The gift of Jesus as Mighty God meets one of our deepest needs:
“To achieve something worthwhile! Jesus is the Mighty God who enables us to do that. We accomplish worthwhile things through his power.” (Boice)

Do you want to achieve worthwhile things this Christmas and in 2022?  Our Mighty God wants to enable us to love Him and love others.  Seek the wisdom of Christ and become empowered by Him to love as you have never loved before.

This is the second gift of Christ in Christmas.


[1] From “May 10.” James Montgomery Boice and Marion Clark. Come to the Waters: Daily Bible Devotions for Spiritual Refreshment.  (2017).

What We Need For Christmas #2: A Wonderful Counselor


According to James Montgomery Boice (see last post if you missed it), if you asked people to honestly describe their needs, they might describe one as: “We have minds. So we have a need to know things rightly, to understand. We need wisdom.”  In Isaiah 9:6, Jesus, the Christ of Christmas, is described as our Wonderful Counselor, who meets our need for wisdom.

But what is wisdom?  Wisdom is about taking the right action, not about being book smart, or accumulating facts.  You don’t need to be brilliant to have wisdom.  Wisdom looks forward.  It is proactive and specific to you.  Nobody else’s situation is your situation, and nobody else has the same history, relationships, abilities, and resources. Your path is your own.

Why do we need wisdom?  Because our inner conscience is not one, clear voice with the right answer.  It is a jumble of influences and desires, which I’ve described as a multi-voiced “Moral GPS.” How do you even choose from among your own wants?  Everyone is limited by time and resources.  Also, what if your wants conflict with each other?  “I love junk food, but I want to be healthy.”  Also, how do you decide what is “good” to do?  Who decides what is “harmful”?  What if someone else’s desires harm you?  Can you tell them their desires are wrong, or even disagree on what “harm” is, in a world where everyone just lives by their own messy conscience?[1]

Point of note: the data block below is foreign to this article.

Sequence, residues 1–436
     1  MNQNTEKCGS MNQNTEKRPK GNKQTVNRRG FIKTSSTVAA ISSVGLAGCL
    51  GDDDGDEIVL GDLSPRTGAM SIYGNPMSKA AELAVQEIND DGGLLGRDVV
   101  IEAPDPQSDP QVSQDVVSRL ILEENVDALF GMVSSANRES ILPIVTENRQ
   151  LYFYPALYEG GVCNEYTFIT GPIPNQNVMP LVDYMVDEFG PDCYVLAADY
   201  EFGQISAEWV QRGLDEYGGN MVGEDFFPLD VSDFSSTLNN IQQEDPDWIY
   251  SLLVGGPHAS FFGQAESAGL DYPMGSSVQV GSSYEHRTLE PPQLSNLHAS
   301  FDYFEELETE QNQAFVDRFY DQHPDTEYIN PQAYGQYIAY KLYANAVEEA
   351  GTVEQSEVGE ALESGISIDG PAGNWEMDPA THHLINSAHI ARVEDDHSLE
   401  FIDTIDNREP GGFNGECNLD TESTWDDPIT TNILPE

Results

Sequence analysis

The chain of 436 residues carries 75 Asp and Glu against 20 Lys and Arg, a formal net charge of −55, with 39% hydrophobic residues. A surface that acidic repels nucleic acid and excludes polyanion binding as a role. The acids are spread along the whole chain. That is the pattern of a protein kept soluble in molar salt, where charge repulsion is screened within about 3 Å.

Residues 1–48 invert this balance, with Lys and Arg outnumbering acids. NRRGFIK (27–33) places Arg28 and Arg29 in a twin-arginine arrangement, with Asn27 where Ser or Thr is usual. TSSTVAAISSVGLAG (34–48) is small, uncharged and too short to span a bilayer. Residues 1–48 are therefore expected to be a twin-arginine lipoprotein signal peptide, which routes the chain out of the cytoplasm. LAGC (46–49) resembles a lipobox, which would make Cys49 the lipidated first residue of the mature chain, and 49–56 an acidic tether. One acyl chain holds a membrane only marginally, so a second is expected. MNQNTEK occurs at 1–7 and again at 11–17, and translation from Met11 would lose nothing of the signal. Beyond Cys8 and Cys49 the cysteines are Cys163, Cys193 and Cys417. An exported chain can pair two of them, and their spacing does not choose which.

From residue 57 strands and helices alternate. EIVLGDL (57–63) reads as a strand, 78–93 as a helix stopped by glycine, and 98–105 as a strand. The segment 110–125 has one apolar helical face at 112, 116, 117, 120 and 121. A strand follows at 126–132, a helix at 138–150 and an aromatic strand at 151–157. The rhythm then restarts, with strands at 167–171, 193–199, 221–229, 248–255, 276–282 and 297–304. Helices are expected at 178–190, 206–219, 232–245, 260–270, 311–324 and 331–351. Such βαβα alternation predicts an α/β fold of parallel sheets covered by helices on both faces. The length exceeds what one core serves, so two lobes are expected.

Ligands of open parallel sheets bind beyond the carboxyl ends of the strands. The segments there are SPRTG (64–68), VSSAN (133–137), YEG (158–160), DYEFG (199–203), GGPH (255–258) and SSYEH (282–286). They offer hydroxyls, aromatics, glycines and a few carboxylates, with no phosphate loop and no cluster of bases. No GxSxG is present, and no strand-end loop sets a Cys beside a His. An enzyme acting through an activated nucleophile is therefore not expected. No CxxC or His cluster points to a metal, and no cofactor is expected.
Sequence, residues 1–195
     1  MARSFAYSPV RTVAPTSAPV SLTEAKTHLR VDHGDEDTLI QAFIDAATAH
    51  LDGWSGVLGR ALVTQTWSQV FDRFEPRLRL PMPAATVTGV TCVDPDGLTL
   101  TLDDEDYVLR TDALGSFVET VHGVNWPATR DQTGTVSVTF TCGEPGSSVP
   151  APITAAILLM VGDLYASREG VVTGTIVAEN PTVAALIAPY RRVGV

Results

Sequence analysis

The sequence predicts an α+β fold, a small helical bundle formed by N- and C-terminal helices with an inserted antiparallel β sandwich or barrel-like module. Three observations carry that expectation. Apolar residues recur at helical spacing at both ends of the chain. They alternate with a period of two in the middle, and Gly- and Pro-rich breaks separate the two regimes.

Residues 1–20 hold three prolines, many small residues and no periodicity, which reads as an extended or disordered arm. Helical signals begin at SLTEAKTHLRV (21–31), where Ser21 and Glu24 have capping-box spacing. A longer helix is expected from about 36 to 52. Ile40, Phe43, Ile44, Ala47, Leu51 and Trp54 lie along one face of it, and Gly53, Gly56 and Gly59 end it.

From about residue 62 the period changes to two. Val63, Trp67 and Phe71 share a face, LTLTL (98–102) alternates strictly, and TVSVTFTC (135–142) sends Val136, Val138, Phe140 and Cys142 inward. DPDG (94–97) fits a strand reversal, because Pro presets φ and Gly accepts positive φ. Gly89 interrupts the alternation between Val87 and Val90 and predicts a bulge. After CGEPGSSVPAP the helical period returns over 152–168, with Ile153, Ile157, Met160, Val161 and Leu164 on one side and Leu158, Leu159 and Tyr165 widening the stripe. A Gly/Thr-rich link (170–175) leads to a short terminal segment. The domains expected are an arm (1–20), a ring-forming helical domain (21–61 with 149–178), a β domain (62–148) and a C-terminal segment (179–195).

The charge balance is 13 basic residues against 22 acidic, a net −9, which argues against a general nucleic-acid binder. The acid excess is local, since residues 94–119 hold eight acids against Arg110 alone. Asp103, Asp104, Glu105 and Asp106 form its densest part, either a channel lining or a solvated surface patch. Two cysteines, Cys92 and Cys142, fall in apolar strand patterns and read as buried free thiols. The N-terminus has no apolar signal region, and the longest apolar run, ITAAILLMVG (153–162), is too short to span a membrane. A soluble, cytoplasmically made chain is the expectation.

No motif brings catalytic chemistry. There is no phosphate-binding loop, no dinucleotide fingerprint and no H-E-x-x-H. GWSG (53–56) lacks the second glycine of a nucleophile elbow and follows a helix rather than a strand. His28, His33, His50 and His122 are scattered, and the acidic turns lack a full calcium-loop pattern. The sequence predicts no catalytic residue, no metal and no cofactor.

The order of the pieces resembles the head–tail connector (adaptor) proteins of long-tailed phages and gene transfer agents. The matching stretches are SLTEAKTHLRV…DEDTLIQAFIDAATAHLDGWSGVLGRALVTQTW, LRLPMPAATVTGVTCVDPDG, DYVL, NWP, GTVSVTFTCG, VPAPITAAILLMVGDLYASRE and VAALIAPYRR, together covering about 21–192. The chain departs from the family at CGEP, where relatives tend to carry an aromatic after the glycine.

We are never truly free.  Absolute freedom is not good, or even possible, and therefore we need a reliable filter and that is what wisdom is.  Wisdom enables us to choose the best possible path from among the many choices before us.  This is especially tricky as multiple paths may look “true” or “best” to us, and most paths have ripple effects we can’t possibly anticipate.  In our world information is more readily available than ever before, but many people just seem more overwhelmed by it all.

Only someone who knows us perfectly, who knows every possible consequence of our choices on us and on others, and who loves us with our best interests in mind is qualified to be our Wonderful Counselor and worthy of our trust.  Others can provide incomplete guidance – parents, teachers, ministers, writers, philosophers – but each of these also needs its own filter.

In the gift of Jesus as Wonderful Counselor we can satisfy one of our deepest needs: “To know the truth! Jesus Christ is the truth, and he is for us a Wonderful Counselor.” (Boice)

As God, He has no gaps in his knowledge or biases and therefore His words to us are not an inadequate abstraction or wishful thinking.  He alone is perfectly trustworthy.  He does not want to scold or punish you, but to guide you in perfect wisdom that only He can provide.  He does not magically tell you everywhere to go, holding up signs, but desires a relationship.  To walk with you and guide you to life eternal. He wants us to invite Him into our lives, and He is Wonderful.

This is the first gift of Christ in Christmas.


[1] Keller, Timothy.  Making Sense of God (2016).  This paragraph draws from Chapter 5.